Who We Are

Jobs, Interns and Fellows

At Center for Sustainable Economy, we seek talented individuals from diverse backgrounds to assist us with implementation of our core initiatives as well as expert support we provide to our partners. At this moment, we are offering two paid part-time internships in the summer of 2020. (Inquire with us if you are interested in an unpaid summer internship.) We are also offering three paid legal internships to law students seeking practical knowledge and hands-on experiential learning and training in public interest environmental law. Legal internships are completed under the close supervision of our staff attorney. (See below for more information.)For all of these positions, if you apply, we ask that you PLEASE fill out this anonymous survey so we can determine whether we are meeting our targets of getting as diverse a pool of applicants as possible.

INTERNSHIPS

Position Title: Legal internship

Date Posted: Nov. 1, 2019

Application Deadline: open until filled

Start and End Hours Compensation
10-14 weeks during the summer 2020 depending on specific availability ~20-25 hours per week (project-based) $1,500 / Month

Position Description: In 2020, the Center for Sustainable Economy (CSE) is hiring up to three legal intern positions to support the Staff Attorney, Nicholas Caleb. The positions will be offered for Summer 2020, but opportunities to work during school semesters are available under the right circumstances.

The legal intern /externs will directly support CSE’s Staff Attorney in campaigns such as an Oregon Green New Deal, opposing the Jordan Cove liquefied natural gas export project, re-instating Portland’s Fossil Fuel Terminal Zoning Amendments, pioneering a Fossil Fuel Risk Bond program for Multnomah County, and more. Internships are expected to be full time and the work can be done remotely or in our office in Portland, Oregon. Caleb supervises the interns, providing them with legal and policy research projects and holding regular meetings to review and discuss their work. In addition, interns will be invited to meet with decision makers and coalition partners when opportunities arise, providing important networking experiences and opportunities for meaningful contributions to ongoing campaigns.

Compensation: $1500 per month; CSE is willing to support law students in securing additional funding or academic credit for their work.

The Center for Sustainable Economy is a Portland, Oregon based non-profit organization that works with partners to accelerate the transition to a just and sustainable society. CSE is member of the Oregon Just Transition Alliance and works in coalition with grassroots organizations and advocates across the United States. CSE straddles the divide between a think tank and a ‘do tank’.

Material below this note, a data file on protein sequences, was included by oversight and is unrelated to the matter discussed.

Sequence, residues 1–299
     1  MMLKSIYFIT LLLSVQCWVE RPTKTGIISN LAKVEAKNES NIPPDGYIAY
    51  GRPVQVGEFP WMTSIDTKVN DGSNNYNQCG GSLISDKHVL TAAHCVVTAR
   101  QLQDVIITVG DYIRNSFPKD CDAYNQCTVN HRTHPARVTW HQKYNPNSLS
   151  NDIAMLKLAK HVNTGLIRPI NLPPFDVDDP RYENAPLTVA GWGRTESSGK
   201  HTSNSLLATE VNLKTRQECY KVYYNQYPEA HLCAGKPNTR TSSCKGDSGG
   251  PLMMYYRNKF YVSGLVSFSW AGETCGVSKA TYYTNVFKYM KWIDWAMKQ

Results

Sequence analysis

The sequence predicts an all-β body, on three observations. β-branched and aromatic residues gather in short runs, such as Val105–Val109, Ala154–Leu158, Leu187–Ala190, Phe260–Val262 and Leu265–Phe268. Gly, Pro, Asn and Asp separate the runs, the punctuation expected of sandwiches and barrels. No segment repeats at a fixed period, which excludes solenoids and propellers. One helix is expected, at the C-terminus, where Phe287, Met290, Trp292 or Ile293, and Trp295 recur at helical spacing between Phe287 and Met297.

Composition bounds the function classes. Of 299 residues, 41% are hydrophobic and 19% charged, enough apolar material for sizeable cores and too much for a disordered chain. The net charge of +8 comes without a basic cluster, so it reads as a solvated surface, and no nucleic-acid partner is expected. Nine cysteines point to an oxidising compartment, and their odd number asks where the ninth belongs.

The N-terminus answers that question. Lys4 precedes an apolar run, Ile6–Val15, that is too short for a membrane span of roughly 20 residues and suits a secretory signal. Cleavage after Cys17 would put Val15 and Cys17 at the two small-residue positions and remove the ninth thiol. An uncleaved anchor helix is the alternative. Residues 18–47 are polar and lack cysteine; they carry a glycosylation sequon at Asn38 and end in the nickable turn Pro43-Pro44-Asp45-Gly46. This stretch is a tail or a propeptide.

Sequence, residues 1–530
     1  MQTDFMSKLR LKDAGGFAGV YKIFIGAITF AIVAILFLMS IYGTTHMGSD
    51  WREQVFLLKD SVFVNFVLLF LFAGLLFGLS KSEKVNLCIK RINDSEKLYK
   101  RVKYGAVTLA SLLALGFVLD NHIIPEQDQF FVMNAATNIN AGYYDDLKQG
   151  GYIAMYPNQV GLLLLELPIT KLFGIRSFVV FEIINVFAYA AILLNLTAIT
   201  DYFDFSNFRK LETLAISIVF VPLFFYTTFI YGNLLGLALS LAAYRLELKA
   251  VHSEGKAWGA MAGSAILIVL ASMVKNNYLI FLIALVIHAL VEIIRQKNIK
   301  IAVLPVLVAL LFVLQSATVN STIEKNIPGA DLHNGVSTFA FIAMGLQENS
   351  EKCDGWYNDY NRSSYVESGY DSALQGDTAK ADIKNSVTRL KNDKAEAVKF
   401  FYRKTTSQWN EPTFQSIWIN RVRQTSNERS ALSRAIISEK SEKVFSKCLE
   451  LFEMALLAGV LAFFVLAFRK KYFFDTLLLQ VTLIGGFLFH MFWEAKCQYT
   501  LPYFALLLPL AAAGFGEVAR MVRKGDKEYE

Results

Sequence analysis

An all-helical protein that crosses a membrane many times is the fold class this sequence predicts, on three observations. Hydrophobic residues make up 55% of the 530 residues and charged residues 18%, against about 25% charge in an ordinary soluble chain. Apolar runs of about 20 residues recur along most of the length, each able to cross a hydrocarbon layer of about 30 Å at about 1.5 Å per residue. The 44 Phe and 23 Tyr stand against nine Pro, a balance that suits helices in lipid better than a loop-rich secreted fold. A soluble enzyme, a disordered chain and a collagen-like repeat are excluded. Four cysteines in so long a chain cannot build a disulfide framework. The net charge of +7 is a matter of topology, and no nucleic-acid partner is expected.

From 2014-2019, CSE helped design and steward a novel environmental agenda that has set a new bar for climate action in the United States. After a successful grassroots campaign to defeat the Pembina propane export facility at the Port of Portland in 2015, CSE helped design the nation’s first ‘No New Fossil Fuel Infrastructure’ resolution in Portland, Oregon. This led to the development and unanimous city council adoption of the Fossil Fuel Terminal Zoning Amendments (“FFTZA”) in 2016, the first attempt in the United States to utilize local health and safety authority to prohibit all new and expanded fossil fuel infrastructure through municipal code. CSE joined grassroots partners to intervene and defend the FFTZA against legal challenges, securing an important Oregon Court of Appeals ruling that the policy does not violate the Dormant Commerce Clause. With CSE’s help, Seattle, Tacoma, and Baltimore city governments adopted restrictions on new fossil fuel infrastructure, while other governments develop code.

In 2017, CSE’s Staff Attorney created the framework for Portland’s 100% Renewable Energy resolution, one of the most comprehensive, visionary, and equity-focused resolutions in the history of Portland City Council. Notably, the development of this policy coincided with a campaign at the Oregon Public Utility Commission to defeat Portland General Electric’s plans to build new gas-fired power plants to replace the retiring Boardman coal facility, demonstrating that even where local governments have limited direct authority, strong local policy combined with intelligent grassroots strategy can have large impacts. Portland’s 100% renewable policy is utilized as model policy by local governments across the country.

To Apply: Please fill out this anonymous diversity survey here. Then send a cover letter, resume, law school transcript (unofficial version OK), short writing sample (no more than 7 pages), and a list of three references (at least one legal) with email addresses and phone numbers to Nicholas Caleb at: nick.caleb@sustainable-economy.org. Please put “Legal Internship” in the subject line. We will consider applications during Spring 2020 until positions are filled.

Position Title: Fossil Fuel Resistance Internship

Date Posted: January 20, 2020 

Application Deadline: March 31, 2020

Start and End Hours Stipend 
June 1st – August 28, 2020 (exact dates flexible) 20 hrs / Wk.  $1,500 / Month

 

Position overview